Vaccines to Treat Drug Addiction?

It’s not the first time that a lab or research facility has set out in search of a vaccine that can cure or prevent drug addiction. The latest approach is a little bit different than past attempts, however – rather than a prevention or even a cure, this vaccine would block the addictive substances from reaching and therefore affecting the brain. A patient who has been vaccinated as a part of their drug addiction treatment would experience no high or effect if they were to relapse and take their drug of choice – if it works like it’s supposed to.

So far, the drugs that have been effectively blocked by the vaccine have been nicotine and cocaine.

Do Drug Addiction Vaccines Work?

Does it really work? The jury is still out and long-term studies are ongoing, but so far, the results coming in are positive.

Some patients report that just knowing that they have taken the vaccine has helped them to avoid relapse. Knowing that the vaccine should stop them from getting high if they smoke a cigarette or do a line keeps them from wasting their time and trying.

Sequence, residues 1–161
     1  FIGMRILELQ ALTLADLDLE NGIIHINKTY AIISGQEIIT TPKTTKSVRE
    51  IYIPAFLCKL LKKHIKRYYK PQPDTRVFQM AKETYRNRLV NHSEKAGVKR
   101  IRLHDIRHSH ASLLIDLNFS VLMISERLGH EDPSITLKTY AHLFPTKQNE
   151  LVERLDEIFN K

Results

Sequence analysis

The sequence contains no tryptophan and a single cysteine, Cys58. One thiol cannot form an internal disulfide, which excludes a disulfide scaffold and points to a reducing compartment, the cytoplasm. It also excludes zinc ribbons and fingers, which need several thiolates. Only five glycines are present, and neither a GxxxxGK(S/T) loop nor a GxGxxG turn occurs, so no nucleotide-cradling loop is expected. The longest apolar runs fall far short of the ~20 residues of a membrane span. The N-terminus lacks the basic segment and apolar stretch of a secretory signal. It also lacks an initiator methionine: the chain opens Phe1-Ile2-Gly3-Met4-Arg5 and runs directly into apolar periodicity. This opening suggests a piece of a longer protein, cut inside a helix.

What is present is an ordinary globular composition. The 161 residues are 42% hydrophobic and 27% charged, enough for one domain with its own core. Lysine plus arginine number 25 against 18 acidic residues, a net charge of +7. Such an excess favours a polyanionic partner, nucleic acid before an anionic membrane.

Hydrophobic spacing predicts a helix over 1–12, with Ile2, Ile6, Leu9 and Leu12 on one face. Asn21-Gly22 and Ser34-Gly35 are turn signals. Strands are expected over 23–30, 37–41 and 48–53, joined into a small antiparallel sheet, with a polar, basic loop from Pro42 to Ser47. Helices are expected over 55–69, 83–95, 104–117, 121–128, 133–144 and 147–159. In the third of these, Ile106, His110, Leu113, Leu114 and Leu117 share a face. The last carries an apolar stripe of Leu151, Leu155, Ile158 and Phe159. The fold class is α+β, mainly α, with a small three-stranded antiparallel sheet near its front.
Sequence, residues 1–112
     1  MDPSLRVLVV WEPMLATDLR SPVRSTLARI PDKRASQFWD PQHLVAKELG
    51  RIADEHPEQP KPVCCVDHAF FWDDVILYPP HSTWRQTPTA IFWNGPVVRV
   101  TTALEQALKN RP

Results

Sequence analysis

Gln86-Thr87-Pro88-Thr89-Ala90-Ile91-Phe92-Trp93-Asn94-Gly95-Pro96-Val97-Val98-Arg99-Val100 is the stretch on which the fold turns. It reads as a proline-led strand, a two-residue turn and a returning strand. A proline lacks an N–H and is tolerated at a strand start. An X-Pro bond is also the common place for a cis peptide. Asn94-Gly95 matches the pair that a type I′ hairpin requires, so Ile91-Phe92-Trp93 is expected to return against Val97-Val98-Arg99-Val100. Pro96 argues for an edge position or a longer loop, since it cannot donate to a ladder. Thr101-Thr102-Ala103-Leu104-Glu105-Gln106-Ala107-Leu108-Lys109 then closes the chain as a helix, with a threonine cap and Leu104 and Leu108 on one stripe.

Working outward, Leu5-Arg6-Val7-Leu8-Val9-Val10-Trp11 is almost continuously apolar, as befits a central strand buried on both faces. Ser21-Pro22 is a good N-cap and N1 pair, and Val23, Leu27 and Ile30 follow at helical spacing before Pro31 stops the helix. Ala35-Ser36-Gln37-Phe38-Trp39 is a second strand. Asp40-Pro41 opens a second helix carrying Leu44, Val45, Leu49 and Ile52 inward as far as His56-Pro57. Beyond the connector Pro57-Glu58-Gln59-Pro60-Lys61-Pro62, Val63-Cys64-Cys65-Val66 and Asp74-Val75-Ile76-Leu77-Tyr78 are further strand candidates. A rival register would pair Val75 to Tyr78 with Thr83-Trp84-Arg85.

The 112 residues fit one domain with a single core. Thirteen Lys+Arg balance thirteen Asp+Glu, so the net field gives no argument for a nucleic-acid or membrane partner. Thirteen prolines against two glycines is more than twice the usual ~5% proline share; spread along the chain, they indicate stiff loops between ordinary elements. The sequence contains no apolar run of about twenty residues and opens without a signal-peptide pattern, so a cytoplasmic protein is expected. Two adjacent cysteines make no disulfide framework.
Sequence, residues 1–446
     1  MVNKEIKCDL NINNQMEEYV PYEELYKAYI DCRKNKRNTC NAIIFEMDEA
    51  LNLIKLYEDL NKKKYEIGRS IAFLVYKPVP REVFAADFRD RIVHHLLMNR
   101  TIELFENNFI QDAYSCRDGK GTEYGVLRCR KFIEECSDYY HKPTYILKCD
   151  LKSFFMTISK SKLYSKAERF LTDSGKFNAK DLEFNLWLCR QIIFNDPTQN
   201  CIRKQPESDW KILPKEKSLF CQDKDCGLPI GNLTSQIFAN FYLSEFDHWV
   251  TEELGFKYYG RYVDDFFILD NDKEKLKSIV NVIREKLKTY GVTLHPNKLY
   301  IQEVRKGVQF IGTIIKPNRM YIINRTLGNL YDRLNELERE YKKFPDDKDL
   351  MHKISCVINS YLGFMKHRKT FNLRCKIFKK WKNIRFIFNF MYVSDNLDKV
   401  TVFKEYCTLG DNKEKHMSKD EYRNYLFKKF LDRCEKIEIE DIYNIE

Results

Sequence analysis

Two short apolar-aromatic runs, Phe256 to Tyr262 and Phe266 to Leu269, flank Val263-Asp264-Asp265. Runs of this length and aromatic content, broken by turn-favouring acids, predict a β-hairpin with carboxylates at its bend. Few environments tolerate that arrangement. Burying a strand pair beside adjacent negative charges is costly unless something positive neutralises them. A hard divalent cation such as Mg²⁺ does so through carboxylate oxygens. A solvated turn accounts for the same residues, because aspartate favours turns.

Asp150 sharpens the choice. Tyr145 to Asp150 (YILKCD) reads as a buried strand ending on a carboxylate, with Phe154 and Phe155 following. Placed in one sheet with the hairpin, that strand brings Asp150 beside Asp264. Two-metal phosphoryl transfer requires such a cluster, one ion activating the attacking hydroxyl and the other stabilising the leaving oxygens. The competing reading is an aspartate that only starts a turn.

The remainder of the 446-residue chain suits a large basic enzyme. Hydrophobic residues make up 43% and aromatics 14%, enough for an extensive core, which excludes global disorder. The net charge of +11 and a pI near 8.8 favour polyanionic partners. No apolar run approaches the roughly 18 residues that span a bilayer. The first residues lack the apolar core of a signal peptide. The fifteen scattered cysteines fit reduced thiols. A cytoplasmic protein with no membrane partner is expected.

One patient says: “You still have to mentally say to yourself, ‘I’m not going to do this,’ but it’s so much easier to say it when you know if you light a cigarette, you’re not going to get any pleasure out of it.”

How do Drug Addiction Vaccines Work?

Vaccines don’t work in the brain like other drugs that stop the effect of addictive substances at certain doses (e.g., methadone or Chantix). Instead, vaccines stop illicit drugs while they’re still in the bloodstream, and neither substance should ever reach the brain. The vaccines don’t bind to receptors in the brain or try to change perception in any way; rather, they work by making the body reject the illicit substance before it has a chance to take effect.

This is an important distinction because some of the drugs that provide similar blocking effects against addictive substances are often eschewed because of their side effects. As yet, no significant side effects have been identified among patients using the latest vaccine for drug addiction treatment.

Would You Try a Drug Addiction Vaccine?

If you had access to a drug addiction vaccine, would you take it? Do you need further research studies to prove its efficacy one way or the other? What do you think?

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